Tag Archives: Galatians

The Forgotten Third: Developing a Relationship with God the Holy Spirit — What Do We Learn from GALATIANS about the Holy Spirit?

We can approach the doctrines of the Scriptures in two ways: One way is to collect all the data throughout the Bible into logical categories (called “systematic theology”). The other way is to work through individual books of the Bible, collecting the data on a particular subject (this is called “biblical theology,” although the term is used in other ways in less than conservative circles). When we ask, what does the book of Galatians say about God the Holy Spirit, we are taking a kind of biblical theology approach. Our conviction in these posts is that, while some believers overemphasize the Spirit, others overlook Him. We want to do neither, but long to have a balanced view of the Third Member of the Trinity.

What do we find when we unit-read (read straight through at one sitting) the book of Galatians? We find that —

Ch. 3 – You foolish Galatians! Who has bewitched you? Before your very eyes Jesus Christ was clearly portrayed as crucified. 2 I would like to learn just one thing from you: Did you receive the Spirit by the works of the law, or by believing what you heard? 3 Are you so foolish? After beginning by means of the Spirit, are you now trying to finish by means of the flesh?[a] 4 Have you experienced so much in vain—if it really was in vain? 5 So again I ask, does God give you his Spirit and work miracles among you by the works of the law, or by your believing what you heard? 6 So also Abraham “believed God, and it was credited to him as righteousness.”

13 Christ redeemed us from the curse of the law by becoming a curse for us, for it is written:
“Cursed is everyone who is hung on a pole.” 14 He redeemed us in order that the blessing given to Abraham might come to the Gentiles through Christ Jesus, so that by faith we might receive the promise of the Spirit.

26 So in Christ Jesus you are all children of God through faith, 27 for all of you who were baptized into Christ have clothed yourselves with Christ.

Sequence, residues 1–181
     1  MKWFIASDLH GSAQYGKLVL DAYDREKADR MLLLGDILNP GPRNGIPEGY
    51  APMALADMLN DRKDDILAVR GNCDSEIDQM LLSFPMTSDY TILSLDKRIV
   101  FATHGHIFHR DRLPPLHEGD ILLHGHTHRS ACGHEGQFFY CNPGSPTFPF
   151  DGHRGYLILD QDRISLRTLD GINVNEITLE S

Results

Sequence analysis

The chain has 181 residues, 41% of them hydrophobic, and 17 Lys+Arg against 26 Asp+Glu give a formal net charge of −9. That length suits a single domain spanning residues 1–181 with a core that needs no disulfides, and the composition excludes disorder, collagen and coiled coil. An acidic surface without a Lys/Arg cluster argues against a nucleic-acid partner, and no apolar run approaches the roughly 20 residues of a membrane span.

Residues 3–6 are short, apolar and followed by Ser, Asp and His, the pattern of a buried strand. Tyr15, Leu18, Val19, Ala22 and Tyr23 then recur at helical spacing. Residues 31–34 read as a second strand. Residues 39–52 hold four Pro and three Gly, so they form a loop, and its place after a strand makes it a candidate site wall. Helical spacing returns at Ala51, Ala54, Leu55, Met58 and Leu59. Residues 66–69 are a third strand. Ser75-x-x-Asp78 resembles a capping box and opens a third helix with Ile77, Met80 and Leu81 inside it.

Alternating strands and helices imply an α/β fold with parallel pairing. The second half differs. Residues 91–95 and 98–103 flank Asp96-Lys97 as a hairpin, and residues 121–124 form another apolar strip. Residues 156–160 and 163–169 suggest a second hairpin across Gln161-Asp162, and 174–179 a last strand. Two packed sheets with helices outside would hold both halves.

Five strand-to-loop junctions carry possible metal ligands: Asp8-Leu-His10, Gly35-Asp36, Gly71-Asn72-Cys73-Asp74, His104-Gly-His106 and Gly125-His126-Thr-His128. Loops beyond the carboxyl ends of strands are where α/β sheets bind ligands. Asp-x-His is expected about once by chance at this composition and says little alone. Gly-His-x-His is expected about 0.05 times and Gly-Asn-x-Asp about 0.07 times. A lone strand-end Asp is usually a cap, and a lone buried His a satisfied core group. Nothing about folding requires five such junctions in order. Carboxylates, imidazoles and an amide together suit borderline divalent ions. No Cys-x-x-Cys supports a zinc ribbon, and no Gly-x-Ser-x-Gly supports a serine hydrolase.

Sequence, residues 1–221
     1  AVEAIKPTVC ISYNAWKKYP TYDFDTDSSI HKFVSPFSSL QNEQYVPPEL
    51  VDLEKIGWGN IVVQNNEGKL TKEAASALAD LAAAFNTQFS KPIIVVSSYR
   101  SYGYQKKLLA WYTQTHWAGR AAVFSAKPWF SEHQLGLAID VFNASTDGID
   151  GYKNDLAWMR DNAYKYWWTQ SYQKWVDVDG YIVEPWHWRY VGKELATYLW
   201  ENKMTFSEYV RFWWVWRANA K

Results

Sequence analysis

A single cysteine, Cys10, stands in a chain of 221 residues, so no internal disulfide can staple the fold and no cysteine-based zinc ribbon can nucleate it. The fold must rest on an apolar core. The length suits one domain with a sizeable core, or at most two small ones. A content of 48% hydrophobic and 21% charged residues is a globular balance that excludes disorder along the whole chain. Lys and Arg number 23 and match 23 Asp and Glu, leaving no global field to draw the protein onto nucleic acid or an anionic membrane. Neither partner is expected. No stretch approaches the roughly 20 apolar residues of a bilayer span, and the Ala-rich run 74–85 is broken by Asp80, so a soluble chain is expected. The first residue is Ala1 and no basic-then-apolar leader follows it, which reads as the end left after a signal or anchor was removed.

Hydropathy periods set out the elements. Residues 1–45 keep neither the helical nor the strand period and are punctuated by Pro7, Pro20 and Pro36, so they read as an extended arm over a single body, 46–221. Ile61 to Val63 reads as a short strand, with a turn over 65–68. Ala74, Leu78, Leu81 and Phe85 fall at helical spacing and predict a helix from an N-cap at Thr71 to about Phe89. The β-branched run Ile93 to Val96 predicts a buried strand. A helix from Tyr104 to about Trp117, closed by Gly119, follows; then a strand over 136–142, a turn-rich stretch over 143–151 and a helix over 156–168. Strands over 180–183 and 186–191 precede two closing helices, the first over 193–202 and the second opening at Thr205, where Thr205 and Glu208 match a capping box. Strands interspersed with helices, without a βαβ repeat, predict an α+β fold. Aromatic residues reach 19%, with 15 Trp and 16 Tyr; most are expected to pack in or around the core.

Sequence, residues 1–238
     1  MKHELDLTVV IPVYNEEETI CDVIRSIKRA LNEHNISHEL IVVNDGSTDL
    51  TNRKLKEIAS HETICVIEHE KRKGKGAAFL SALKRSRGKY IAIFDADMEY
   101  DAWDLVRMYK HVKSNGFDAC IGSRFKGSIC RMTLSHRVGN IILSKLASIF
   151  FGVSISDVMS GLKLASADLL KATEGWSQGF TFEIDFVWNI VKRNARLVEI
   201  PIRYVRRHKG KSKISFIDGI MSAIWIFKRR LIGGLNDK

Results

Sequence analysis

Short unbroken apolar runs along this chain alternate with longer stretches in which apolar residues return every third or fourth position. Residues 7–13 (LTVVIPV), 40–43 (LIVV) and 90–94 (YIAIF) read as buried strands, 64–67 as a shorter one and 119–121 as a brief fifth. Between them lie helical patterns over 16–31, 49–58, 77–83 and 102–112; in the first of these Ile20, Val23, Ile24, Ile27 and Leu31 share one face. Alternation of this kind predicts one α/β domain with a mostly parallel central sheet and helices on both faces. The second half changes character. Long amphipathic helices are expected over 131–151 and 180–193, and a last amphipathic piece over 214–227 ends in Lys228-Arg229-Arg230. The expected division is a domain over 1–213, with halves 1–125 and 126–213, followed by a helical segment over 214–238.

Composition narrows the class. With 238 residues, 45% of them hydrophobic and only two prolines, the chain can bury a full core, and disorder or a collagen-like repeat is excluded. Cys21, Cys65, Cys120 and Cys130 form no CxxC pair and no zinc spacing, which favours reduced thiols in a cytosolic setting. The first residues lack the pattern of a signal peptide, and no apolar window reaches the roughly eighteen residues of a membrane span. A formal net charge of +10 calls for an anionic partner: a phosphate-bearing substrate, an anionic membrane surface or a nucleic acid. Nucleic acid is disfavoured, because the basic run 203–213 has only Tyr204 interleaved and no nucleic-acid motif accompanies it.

Ch. 4 – 4 But when the set time had fully come, God sent his Son, born of a woman, born under the law, 5 to redeem those under the law, that we might receive adoption to sonship. 6 Because you are his sons, God sent the Spirit of his Son into our hearts, the Spirit who calls out, “Abba, Father.” 7 So you are no longer a slave, but God’s child; and since you are his child, God has made you also an heir.

28 Now you, brothers and sisters, like Isaac, are children of promise. 29 At that time the son born according to the flesh persecuted the son born by the power of the Spirit. It is the same now. 30 But what does Scripture say? “Get rid of the slave woman and her son, for the slave woman’s son will never share in the inheritance with the free woman’s son.” 31 Therefore, brothers and sisters, we are not children of the slave woman, but of the free woman.

Ch. 5- 2 Mark my words! I, Paul, tell you that if you let yourselves be circumcised, Christ will be of no value to you at all. 3 Again I declare to every man who lets himself be circumcised that he is obligated to obey the whole law. 4 You who are trying to be justified by the law have been alienated from Christ; you have fallen away from grace. 5 For through the Spirit we eagerly await by faith the righteousness for which we hope. 6 For in Christ Jesus neither circumcision nor uncircumcision has any value. The only thing that counts is faith expressing itself through love.

16 So I say, walk by the Spirit, and you will not gratify the desires of the flesh. 17 For the flesh desires what is contrary to the Spirit, and the Spirit what is contrary to the flesh. They are in conflict with each other, so that you are not to do whatever you want. 18 But if you are led by the Spirit, you are not under the law. 19 The acts of the flesh are obvious: sexual immorality, impurity and debauchery; 20 idolatry and witchcraft; hatred, discord, jealousy, fits of rage, selfish ambition, dissensions, factions 21 and envy; drunkenness, orgies, and the like. I warn you, as I did before, that those who live like this will not inherit the kingdom of God.
22 But the fruit of the Spirit is love, joy, peace, forbearance, kindness, goodness, faithfulness, 23 gentleness and self-control. Against such things there is no law. 24 Those who belong to Christ Jesus have crucified the flesh with its passions and desires. 25 Since we live by the Spirit, let us keep in step with the Spirit. 26 Let us not become conceited, provoking and envying each other.

Ch. 6- Brothers and sisters, if someone is caught in a sin, you who live by the Spirit should restore that person gently. But watch yourselves, or you also may be tempted. 2 Carry each other’s burdens, and in this way you will fulfill the law of Christ.